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this is my first post. I have a huge problem which make me headaches. I have an app uses WinForms, a TTS (Text-To-Speech) voice and custom-buttons with states.

In my 1st form -main- when I click a button, the app opens a 2nd form above the 1st. Ok. When I close the 2nd form trough a button, I tell the TTS say something and the form closed itself, viewing again the 1st form. Ok.

The problem starts when I click two times in the button on the 2nd form: the TTS says something, the button closes and the 'second click' is still in the click buffer (or somewhere) and it makes click in the 1st form (which appears 4 seconds later when I hit the button for the first time). I am using the voice in a Sync mode; if I use the voice in an Async mode, the application ends wit h a nice exception. If I click three or four times in the 2nd form, the other clicks still remains in buffer and clicks in the 1st form all the times.

I tried to (1) delete the DoubleClick event, (2) delete the event associated to the button and (3) hide the button which is clicked automatically when I return from the 2nd form, (4) hide the 1st form before create the 2nd and restore when it finishes.

Suggestions? Thanks!

PD: I'm sorry by my English :S

PD2: I've uploaded a very simple example of what happens.

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2 Answers

up vote 0 down vote accepted

EDIT 2

Having looked at the code I understand the issue you're having now. The reason button clicks are being stacked up is when you call Speak within TTS the application locks up while it waits for the function to finish. Any presses in that time are stacked up until the application is free again to process them, you then close the form instanly before the messages are handled and these are then dealt with in the first form.

I've come up with a few solutions which could work for you:

  1. Use only the SpeakAsync command within your TTS class and introduce a Waiting system where you wait for the speech to finish before doing anything. This will free the application and won't cause the mouse click events to stack up.

  2. After you trigger a Speak command you could access the Windows message list and clear all the mouse click events that occurred before the process finished. Unfortunately, I'm not sure how you'd implement this as I've not done this before. I think you need to overwrite the WndProc function but again I'm not sure. This might be also be a bit dangerous as you may end up clearing a perfectly valid or important system message by mistake. Sorry can't provide any more help on that one.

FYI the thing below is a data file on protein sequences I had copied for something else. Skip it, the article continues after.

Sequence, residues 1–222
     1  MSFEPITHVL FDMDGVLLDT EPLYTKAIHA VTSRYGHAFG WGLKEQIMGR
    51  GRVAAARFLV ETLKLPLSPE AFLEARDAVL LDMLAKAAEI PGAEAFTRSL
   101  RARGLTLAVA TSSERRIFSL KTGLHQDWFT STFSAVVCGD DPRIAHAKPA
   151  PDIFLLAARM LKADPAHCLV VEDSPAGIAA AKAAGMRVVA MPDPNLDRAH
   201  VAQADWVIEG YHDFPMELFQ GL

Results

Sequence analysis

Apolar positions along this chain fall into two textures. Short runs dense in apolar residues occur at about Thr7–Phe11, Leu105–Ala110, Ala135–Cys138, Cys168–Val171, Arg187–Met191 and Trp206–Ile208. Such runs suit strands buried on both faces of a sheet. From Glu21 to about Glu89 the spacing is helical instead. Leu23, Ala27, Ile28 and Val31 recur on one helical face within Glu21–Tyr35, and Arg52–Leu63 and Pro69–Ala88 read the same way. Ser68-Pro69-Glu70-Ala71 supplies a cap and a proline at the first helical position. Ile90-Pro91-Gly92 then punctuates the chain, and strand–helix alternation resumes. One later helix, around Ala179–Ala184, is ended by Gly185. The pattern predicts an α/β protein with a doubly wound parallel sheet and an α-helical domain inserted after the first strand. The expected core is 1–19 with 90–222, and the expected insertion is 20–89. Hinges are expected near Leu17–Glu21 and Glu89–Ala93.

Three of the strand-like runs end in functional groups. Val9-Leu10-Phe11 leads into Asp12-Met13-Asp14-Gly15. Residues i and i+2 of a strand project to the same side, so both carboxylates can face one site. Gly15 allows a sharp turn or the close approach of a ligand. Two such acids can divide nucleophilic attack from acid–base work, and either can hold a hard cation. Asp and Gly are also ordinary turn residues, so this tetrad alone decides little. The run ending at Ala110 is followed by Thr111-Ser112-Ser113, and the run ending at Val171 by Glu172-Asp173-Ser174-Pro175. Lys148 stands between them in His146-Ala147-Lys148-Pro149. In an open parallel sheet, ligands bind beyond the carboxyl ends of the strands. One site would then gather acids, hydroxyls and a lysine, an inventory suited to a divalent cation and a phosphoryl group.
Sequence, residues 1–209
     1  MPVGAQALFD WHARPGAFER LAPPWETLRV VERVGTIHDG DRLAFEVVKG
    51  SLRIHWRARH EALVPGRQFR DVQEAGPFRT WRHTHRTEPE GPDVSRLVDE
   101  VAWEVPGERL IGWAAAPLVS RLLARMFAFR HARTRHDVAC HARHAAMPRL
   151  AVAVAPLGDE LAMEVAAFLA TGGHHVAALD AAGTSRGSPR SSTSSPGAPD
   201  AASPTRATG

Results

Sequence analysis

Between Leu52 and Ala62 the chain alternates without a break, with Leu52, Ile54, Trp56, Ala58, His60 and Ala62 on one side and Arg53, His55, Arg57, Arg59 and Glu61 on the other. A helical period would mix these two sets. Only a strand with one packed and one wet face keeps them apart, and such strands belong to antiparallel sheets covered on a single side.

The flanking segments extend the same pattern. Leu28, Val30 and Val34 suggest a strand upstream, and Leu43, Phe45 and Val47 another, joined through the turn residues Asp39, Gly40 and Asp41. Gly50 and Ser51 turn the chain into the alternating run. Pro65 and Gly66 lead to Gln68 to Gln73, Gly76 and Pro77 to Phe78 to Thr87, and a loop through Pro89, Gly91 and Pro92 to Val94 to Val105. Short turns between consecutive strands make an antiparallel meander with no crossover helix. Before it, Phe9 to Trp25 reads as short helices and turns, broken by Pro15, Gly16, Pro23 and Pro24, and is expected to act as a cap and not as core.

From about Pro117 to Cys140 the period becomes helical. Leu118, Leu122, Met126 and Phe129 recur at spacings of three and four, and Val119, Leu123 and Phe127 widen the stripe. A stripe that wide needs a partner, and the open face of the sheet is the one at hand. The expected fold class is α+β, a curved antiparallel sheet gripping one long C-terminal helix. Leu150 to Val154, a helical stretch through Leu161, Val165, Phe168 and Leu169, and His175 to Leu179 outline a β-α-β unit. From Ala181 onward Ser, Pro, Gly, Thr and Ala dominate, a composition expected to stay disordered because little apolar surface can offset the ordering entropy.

3. Implement a background worker in your second form which will process the Speak commands seperately on a background thread. This again will free the application so the mouse click events won't stack up. I've modified your sample project and zipped it up for you to take a look. If you want I can explain further but essentially it does the following:

    • Form 2 loads and creates a background worker.
    • Worker_DoWork and Worker_WorkComplete delegates are created and set in the background worker. These functions are called when the worker is started and after the worker has finished.
    • Form 2 triggers the background worker to start. The background worker then sits in an infinite loop waiting for commands to process.
    • When the "Hello" button is pressed this sets a SayHello boolean to true, the worker spots this, carrys out the appropriate speak function and then resets the boolean ready for the next press.
    • When the "Close" button is pressed a CancelASync request is called in the background worker.
    • CancelASync interupts the BackgroundWorker's main loop (CancellationPending becomes true). The appropriate speak command is sent and the cancel property of the DoWorkEventArgs is set to true before breaking out of the BackgroundWorker's main loop.
    • Breaking out of the main loop causes Worker_WorkComplete to be called where the form is then closed.

I hope you can follow the example (linked below) and I've explained it well enough here. I prefer this solution as its quite extendable, you can add more conditions within the main worker thread for example.

Like I said, if you have any questions please ask and I'll try help as much as possible.

Hope this helps.

Example Link: http://www.mediafire.com/?2mf1yahto50ljs6

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Did not work. It is not only that button, the clicks remain in the buffer and could click anywhere in the 2nd form. If hiding the 1st form doesn't work, I have no idea what to do. –  user333692 Apr 27 '11 at 10:21
    
Oh I see apologies I misread the question. I'll edit my answer now and see if the new solution helps you. –  TheRarebit Apr 27 '11 at 13:25
    
I've made the Edits @zaba I hope I've got the jist of your problem now and given you a viable solution. Let me know if you get any more difficulties –  TheRarebit Apr 27 '11 at 13:43
    
I can't acces to the e.Handled method in the event. It is correctly write? –  user333692 Apr 28 '11 at 11:18
    
Added a link with a mini-example-project. –  user333692 Apr 28 '11 at 11:22
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Use a boolean flag to track whether the form is in a state that accepts the click.

IE - when you open the 2nd form, 'boolean canPlaySound = true;' When the button click event fires, only play the sound if canPlaySound is true (and set it to false before playing the sound).

The next click will be ignored because canPlaySound = false. You won't play the sound.

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check the project added, thanks. –  user333692 Apr 28 '11 at 11:27
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